Monti Attends People’s Party Meeting With Berlusconi, Merkel

Photographer: Alessia Pierdomenico/Bloomberg

Mario Monti, Italy's prime minister. Close

Mario Monti, Italy's prime minister.

Close
Open
Photographer: Alessia Pierdomenico/Bloomberg

Mario Monti, Italy's prime minister.

Italian Prime Minister Mario Monti made a surprise appearance at a meeting of the European People’s Party in Brussels also attended by his predecessor Silvio Berlusconi and German Chancellor Angela Merkel.

It marked the first time that Monti attended an EPP meeting before a European Union summit since he was appointed to head an unelected government of non-politicians 13 months ago. Monti’s appearance at the gathering comes amid mounting pressure on the premier to seek a second term in elections that will probably be held in February.

The two Italian leaders coincided a day after Berlusconi said he would abandon plans to run for a sixth time if Monti would enter the race and lead a coalition of “moderate parties.” Berlusconi was also meeting Merkel for the first time after blaming “German-centric” policies for Italy and Europe’s economic woes in a Dec. 5 interview with Canale 5 television.

European Commission President Jose Manuel Barroso and Spanish Prime Minister Mariano Rajoy are among the other European leaders attending the EPP meeting.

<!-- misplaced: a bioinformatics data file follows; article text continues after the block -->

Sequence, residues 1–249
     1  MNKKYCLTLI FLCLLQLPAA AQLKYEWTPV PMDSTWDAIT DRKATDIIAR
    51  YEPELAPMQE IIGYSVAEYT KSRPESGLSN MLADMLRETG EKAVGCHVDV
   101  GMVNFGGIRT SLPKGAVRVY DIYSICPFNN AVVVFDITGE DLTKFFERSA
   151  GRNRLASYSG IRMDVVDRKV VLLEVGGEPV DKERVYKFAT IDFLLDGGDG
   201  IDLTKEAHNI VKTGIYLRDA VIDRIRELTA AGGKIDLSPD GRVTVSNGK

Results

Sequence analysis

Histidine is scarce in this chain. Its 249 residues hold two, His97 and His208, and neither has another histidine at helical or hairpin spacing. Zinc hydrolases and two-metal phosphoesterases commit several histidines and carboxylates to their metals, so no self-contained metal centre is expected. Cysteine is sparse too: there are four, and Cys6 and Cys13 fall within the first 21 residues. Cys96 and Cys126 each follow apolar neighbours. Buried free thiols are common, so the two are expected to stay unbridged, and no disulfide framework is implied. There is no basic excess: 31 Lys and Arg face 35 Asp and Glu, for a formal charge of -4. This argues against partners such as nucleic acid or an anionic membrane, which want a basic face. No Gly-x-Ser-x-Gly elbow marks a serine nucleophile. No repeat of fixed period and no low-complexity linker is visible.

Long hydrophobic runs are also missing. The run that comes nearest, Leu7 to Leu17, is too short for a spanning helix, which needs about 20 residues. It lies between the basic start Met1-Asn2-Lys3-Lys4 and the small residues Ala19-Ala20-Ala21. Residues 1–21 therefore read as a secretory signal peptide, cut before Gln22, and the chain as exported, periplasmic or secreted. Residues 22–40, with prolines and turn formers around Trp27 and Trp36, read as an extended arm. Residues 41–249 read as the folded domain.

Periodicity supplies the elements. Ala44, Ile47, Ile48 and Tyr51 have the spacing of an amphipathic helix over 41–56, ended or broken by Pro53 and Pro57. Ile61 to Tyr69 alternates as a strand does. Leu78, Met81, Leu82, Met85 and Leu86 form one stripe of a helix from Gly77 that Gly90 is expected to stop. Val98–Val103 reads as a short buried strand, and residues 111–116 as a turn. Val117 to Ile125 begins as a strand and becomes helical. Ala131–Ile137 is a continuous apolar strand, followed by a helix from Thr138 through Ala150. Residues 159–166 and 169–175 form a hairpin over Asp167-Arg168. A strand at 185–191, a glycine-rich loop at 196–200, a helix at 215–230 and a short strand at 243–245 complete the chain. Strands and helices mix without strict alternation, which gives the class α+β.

To contact the reporter on this story: Lorenzo Totaro in Rome at ltotaro@bloomberg.net

To contact the editor responsible for this story: Tim Quinson at tquinson@bloomberg.net

Photographer: Filippo Monteforte/AFP via Getty Images

Former Prime Minister Silvio Berlusconi offered to drop his plans to run for premier on the condition that Italian Premier Mario Monti agrees to enter the election campaign and lead a coalition of “moderates.” Close

Former Prime Minister Silvio Berlusconi offered to drop his plans to run for premier on... Read More

Close
Open
Photographer: Filippo Monteforte/AFP via Getty Images

Former Prime Minister Silvio Berlusconi offered to drop his plans to run for premier on the condition that Italian Premier Mario Monti agrees to enter the election campaign and lead a coalition of “moderates.”

Bloomberg reserves the right to remove comments but is under no obligation to do so, or to explain individual moderation decisions.

Please enable JavaScript to view the comments powered by Disqus.